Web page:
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      Predictive factors of polycystic ovary syndrome in girls with precocious pubarche


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          The aim of this study is to clarify, in girls with premature pubarche (PP), the influence of premature androgenization on the prevalence of polycystic ovary syndrome (PCOS).

          Design and patients

          Ninety-nine PP girls, 63 who developed PCOS and 36 who did not develop PCOS, were retrospectively included. Clinical, anthropometric, and metabolic parameters were evaluated at the time of diagnosis of PP and after 10 years from menarche to find predictive factors of PCOS.


          Young females with PP showed a PCOS prevalence of 64% and showed a higher prevalence of familial history of diabetes ( P = 0.004) and a lower prevalence of underweight ( P = 0.025) than PP-NO-PCOS. In addition, girls with PP-PCOS showed higher BMI ( P < 0.001), waist circumference ( P < 0.001), total testosterone ( P = 0.026), visceral adiposity index (VAI) ( P = 0.013), total cholesterol ( P < 0.001), LDL-cholesterol ( P < 0.001), non-HDL cholesterol ( P < 0.001) and lower age of menarche ( P = 0.015), ISI-Matsuda ( P < 0.001), DIo ( P = 0.002), HDL cholesterol ( P = 0.026) than PP-NO-PCOS. Multivariate analysis showed that WC ( P = 0.049), ISI-Matsuda ( P < 0.001), oral disposition index (DIo) ( P < 0.001), VAI ( P < 0.001), total testosterone ( P < 0.001) and LDL-cholesterol ( P < 0.001) are independent predictive factors for PCOS in girls with PP.


          Our study established a strong association between multiple risk factors and development of PCOS in PP girls. These risk factors are predominantly related to the regulation of glucose, lipid, and androgen metabolism. Among these factors, WC, ISI-Matsuda, DIo, VAI, total testosterone, and LDL-cholesterol predict PCOS.

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          Most cited references44

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          Executive Summary of the Third Report of the National Cholesterol Education Program (NCEP) Expert Panel on Detection, Evaluation, and Treatment of High Blood Cholesterol in Adults (Adult Treatment Panel III)

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            2. Classification and Diagnosis of Diabetes: Standards of Medical Care in Diabetes—2020

            The American Diabetes Association (ADA) "Standards of Medical Care in Diabetes" includes the ADA's current clinical practice recommendations and is intended to provide the components of diabetes care, general treatment goals and guidelines, and tools to evaluate quality of care. Members of the ADA Professional Practice Committee (https://doi.org/10.2337/dc20-SPPC), a multidisciplinary expert committee, are responsible for updating the Standards of Care annually, or more frequently as warranted. For a detailed description of ADA standards, statements, and reports, as well as the evidence-grading system for ADA's clinical practice recommendations, please refer to the Standards of Care Introduction (https://doi.org/10.2337/dc20-SINT). Readers who wish to comment on the Standards of Care are invited to do so at professional.diabetes.org/SOC.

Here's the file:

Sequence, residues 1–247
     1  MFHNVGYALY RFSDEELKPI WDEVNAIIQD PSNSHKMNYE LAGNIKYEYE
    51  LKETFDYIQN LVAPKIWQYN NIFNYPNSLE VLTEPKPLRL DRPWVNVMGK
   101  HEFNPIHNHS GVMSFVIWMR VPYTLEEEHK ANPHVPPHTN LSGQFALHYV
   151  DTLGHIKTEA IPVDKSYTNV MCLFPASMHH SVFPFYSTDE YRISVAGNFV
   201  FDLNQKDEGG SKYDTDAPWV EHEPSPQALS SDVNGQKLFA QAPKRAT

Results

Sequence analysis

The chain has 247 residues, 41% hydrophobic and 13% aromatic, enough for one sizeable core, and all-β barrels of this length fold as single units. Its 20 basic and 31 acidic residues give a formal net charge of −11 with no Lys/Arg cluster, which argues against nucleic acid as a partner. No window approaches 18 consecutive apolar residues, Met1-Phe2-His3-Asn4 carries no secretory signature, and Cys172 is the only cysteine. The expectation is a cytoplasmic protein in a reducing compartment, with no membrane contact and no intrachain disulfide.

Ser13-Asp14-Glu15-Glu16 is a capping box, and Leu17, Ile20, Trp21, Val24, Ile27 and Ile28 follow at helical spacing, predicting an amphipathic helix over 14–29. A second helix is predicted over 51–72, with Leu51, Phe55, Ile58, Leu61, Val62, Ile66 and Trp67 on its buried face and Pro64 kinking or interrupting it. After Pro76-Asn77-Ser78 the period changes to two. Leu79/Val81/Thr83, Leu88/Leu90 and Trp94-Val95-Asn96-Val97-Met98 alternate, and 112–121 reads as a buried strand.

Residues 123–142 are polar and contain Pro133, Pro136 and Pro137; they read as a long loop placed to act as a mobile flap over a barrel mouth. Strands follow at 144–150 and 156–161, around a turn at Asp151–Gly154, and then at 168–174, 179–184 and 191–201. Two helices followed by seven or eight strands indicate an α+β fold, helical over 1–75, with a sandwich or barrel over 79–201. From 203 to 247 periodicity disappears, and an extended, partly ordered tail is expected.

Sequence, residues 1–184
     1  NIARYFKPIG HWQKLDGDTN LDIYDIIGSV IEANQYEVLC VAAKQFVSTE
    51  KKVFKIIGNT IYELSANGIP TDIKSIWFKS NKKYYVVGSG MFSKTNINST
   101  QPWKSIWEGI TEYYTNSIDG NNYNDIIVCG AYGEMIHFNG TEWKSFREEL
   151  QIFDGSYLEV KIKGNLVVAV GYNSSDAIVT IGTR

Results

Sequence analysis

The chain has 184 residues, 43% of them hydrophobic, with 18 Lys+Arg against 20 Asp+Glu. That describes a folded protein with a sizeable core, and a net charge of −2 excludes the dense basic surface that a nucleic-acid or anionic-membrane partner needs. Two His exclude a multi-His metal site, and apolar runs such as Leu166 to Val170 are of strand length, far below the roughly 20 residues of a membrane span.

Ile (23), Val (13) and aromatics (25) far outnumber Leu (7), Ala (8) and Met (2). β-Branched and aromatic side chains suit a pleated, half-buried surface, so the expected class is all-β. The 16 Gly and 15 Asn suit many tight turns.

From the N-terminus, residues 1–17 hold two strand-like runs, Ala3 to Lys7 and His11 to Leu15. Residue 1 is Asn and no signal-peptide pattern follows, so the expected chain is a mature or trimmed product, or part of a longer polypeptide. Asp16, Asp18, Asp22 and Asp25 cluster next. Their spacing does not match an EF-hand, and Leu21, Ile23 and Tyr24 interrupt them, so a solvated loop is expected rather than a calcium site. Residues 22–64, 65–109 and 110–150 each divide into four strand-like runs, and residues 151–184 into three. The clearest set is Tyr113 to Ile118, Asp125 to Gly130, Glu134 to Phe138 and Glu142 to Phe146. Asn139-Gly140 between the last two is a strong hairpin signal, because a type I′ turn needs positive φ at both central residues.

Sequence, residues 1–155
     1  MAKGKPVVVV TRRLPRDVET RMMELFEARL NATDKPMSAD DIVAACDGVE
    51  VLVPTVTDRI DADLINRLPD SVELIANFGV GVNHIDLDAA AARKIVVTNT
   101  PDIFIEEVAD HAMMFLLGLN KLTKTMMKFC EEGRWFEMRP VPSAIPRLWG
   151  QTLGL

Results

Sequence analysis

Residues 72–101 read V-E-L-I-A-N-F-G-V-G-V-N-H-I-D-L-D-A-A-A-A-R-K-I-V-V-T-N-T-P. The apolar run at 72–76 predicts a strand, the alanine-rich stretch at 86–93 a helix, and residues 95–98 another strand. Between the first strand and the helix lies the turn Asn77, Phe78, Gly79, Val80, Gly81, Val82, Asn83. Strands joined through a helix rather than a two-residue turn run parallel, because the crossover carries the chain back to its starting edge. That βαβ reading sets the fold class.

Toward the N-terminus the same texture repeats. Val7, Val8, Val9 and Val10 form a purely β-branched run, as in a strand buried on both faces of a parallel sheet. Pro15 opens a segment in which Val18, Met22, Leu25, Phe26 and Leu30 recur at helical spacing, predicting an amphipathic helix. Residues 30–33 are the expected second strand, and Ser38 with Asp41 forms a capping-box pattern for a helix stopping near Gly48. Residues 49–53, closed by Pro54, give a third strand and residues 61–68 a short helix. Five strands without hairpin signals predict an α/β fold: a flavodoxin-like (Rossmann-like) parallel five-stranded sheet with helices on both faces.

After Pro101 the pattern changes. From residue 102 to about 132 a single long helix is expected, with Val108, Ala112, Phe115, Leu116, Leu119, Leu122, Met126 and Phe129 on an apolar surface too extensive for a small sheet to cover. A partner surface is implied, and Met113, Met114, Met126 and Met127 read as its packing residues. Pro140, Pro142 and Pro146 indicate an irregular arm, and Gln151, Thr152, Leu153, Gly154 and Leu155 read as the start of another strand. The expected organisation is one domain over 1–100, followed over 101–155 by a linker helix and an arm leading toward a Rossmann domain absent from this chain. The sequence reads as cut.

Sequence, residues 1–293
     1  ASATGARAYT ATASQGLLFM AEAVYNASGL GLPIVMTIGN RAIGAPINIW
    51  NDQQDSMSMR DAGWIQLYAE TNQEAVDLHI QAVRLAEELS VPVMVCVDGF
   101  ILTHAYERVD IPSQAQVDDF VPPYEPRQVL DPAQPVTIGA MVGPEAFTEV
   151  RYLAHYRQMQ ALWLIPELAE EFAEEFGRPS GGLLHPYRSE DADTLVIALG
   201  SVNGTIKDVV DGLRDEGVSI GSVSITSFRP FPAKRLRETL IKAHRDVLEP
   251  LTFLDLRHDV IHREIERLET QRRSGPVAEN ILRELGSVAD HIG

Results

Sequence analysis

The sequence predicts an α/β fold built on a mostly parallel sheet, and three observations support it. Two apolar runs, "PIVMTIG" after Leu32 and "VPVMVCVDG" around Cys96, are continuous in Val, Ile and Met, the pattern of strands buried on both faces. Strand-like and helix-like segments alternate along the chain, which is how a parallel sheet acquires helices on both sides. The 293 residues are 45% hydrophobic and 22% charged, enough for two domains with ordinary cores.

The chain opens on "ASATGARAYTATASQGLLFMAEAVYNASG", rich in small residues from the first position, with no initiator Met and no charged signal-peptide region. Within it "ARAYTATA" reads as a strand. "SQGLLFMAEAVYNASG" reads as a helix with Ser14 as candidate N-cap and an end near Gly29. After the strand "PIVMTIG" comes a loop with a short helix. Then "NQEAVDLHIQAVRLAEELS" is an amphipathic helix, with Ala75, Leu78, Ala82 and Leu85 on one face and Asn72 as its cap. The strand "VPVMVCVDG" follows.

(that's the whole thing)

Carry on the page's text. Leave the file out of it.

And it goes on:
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              Revised 2003 consensus on diagnostic criteria and long-term health risks related to polycystic ovary syndrome (PCOS)

              Since the 1990 NIH-sponsored conference on polycystic ovary syndrome (PCOS), it has become appreciated that the syndrome encompasses a broader spectrum of signs and symptoms of ovarian dysfunction than those defined by the original diagnostic criteria. The 2003 Rotterdam consensus workshop concluded that PCOS is a syndrome of ovarian dysfunction along with the cardinal features hyperandrogenism and polycystic ovary (PCO) morphology. PCOS remains a syndrome and, as such, no single diagnostic criterion (such as hyperandrogenism or PCO) is sufficient for clinical diagnosis. Its clinical manifestations may include: menstrual irregularities, signs of androgen excess, and obesity. Insulin resistance and elevated serum LH levels are also common features in PCOS. PCOS is associated with an increased risk of type 2 diabetes and cardiovascular events.

                Author and article information

                Endocr Connect
                Endocr Connect
                Endocrine Connections
                Bioscientifica Ltd (Bristol )
                17 June 2021
                01 July 2021
                : 10
                : 7
                : 796-804
                [1 ]Dipartimento di Promozione della Salute, Materno-Infantile, Medicina Interna e Specialistica di Eccellenza ‘G. D’Alessandro’ (PROMISE), Sezione di Malattie Endocrine, del Ricambio e della Nutrizione, Università di Palermo , Palermo, Italy
                [2 ]Dipartimento di Promozione della Salute , Materno-Infantile, Medicina Interna e Specialistica di Eccellenza ‘G. D’Alessandro’ (PROMISE), Sezione di Ostetricia e Ginecologia, Università di Palermo, Palermo, Italy
                [3 ]Dipartimento di Promozione della Salute , Materno-Infantile, Medicina Interna e Specialistica di Eccellenza ‘G. D’Alessandro’ (PROMISE), Sezione di Gastroenterologia ed Epatologia, Università di Palermo, Palermo, Italy
                Author notes
                Correspondence should be addressed to C Giordano: carla.giordano@ 123456unipa.it
                Author information
                © The authors

                This work is licensed under a Creative Commons Attribution-NonCommercial 4.0 International License.

                : 11 May 2021
                : 17 June 2021

                hyperandrogenism,insulin resistance,dyslipidemia,visceral obesity,precocious menarche


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